Ann Eliza Bleecker
(1752 – November 23, 1783) was an American poet
. Following a New York
upbringing, Bleecker married John James Bleecker, a New Rochelle
lawyer, in 1769. He encouraged her writings, and helped her publish a periodical containing her works.
The American Revolution saw John join the New York Militia, while Ann fled with their two daughters. She continued to write, and what remained of the family returned to Tomhannock following Burgoyne's surrender. She was saddened and affected by the deaths of numerous family members over the years, and died in 1783.
Bleecker's pastoral poetry is studied by historians to gain perspective of life on the front lines of the revolution, and her novel Maria Kittle, the first known Captivity novel, set the form for subsequent Indian Capture novels which saw great popularity after her death.
Ann Eliza Schuyler was born in October 1752, in New York City
in the Province of New York
. She was the sixth child born to Margareta Van Wyck (1722–1777) and Brandt Schuyler (abt 1716–1752), successful merchants and members of the American Dutch aristocracy. After a long illness, Ann Schuyler's father died just before she was born in 1752. As a child, Ann Schuyler was known for her precocious writing ability, and was often asked to recite her poems, which ranged from sentimental or humorous to sophisticated or satirical
. She would often compose impromptu poems at the request of friends. Ann's mother remarried in 1760; she and her new husband Anthony TenEyck (1712-1775) had one daughter, Susanna TenEyck (1776-?). The TenEycks were also part of the Dutch elite, so Ann Schuyler's childhood seemed to be filled with security, abundance and happiness.
Marriage to John James Bleecker
On March 29, 1769, Ann Schuyler married a lawyer from New Rochelle
, John James Bleecker (1745–95). The couple moved to Poughkeepsie
shortly after their marriage. John gave up the practice of law and took up agriculture in 1771, when they moved to his pastoral country estate in Tomhannock
, eighteen miles (29 km) north of Albany
, in the Schaghticoke
region which was settled by Dutch families. "The Bleecker home reflected their wealth by its furnishings and its setting." "From the beautiful gardens flourishing with beauty, to the young orchard bounded by a thick forest...to the west, vast cultivated fields and the roaring river of Tomhhanock." Bleecker considered her home a "retreat" and most of her pastoral poetry was written in the first five years of her life in Tomhhanock. She corresponded with friends and relatives, writing about her isolation and the beauty of her surroundings. An example excerpt from her poem An Evening Prospect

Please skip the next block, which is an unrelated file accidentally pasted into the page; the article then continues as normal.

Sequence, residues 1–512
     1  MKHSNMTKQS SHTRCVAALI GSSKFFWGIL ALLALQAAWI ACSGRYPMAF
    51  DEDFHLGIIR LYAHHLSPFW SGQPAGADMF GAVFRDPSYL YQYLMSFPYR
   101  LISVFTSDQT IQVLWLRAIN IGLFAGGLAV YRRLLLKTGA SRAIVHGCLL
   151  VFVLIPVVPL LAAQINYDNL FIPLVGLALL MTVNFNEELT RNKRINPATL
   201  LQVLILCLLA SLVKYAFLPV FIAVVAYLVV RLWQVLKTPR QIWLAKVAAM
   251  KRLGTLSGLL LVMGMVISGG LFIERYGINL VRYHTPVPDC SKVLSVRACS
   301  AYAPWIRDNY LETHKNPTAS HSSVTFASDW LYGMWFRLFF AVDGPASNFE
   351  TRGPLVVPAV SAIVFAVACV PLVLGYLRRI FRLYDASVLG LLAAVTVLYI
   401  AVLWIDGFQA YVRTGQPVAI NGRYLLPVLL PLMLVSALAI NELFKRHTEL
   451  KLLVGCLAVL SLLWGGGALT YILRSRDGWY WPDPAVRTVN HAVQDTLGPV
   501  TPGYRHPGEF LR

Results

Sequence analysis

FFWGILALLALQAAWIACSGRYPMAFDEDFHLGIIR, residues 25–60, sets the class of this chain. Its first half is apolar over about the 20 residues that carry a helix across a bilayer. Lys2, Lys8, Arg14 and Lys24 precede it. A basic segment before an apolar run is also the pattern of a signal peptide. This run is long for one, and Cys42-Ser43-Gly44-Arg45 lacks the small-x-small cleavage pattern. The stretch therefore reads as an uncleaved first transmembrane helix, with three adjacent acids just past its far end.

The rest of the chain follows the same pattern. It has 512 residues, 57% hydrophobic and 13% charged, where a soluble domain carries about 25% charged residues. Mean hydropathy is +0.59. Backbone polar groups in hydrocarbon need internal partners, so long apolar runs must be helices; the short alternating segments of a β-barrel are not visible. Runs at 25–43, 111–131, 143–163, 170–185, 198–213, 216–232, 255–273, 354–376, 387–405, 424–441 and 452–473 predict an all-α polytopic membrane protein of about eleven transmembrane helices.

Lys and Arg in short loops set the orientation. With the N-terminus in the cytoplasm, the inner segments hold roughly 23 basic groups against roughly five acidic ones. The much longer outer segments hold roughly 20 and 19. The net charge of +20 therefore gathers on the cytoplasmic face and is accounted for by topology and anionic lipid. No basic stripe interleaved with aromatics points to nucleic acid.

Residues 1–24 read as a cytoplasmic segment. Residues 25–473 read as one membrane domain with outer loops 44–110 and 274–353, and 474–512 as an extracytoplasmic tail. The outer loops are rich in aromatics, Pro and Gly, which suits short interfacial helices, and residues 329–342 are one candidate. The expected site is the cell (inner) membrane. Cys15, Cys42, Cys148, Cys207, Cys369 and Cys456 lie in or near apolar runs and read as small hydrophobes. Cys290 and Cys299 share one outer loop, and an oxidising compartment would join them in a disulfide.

- "Cast your eyes beyond this meadow,
- Painted by a hand divine,
- And observe the ample shadow
- of that solemn ridge of pine."
During this time she also had two daughters—Margaretta, born October 11, 1771, and Abeltje (Abella), born June 5, 1776.
On November 11, 1775, her husband was one of several appointed Deputies (or delegates) from Albany County to the Provincial Congress.
Her husband encouraged her writing, he called it "her genius".
In the winter of 1779, Bleecker published a periodical called the "Albany Gazette". The Gazette was composed entirely of her political essays, poems, and short stories, produced for the sole purpose of sharing entertainment and news with friends and relatives.
Impact of the American Revolution
In 1777, the Bleeckers' pastoral lives were interrupted by the American Revolutionary War. British troops, under the command of General John Burgoyne, invaded Tomhannock from Canada (as part of Burgoyne's Saratoga campaign to capture the Hudson River). In response, John Bleecker joined the New York Militia, and Ann Bleecker fled southward.
Ann Bleecker was forced to flee to Albany on foot with her two daughters, infant Abella and 6-year-old Margaretta. Along the way, Abella died of dysentery. Joined by her mother and sister Caty Swits, Ann Bleecker continued on to Red Hook, but her mother died enroute there. An excerpt of a poem she wrote, Written in the retreat from Burgoyne, describing how she felt about her daughters death:
At length her languid eyes clos'd from the day,
The idol of my soul was torn away;
Her spirit fled and left me ghastly clay!
Then---then my soul rejected all relief,
Comfort I wish'd not for, I lov'd my grief: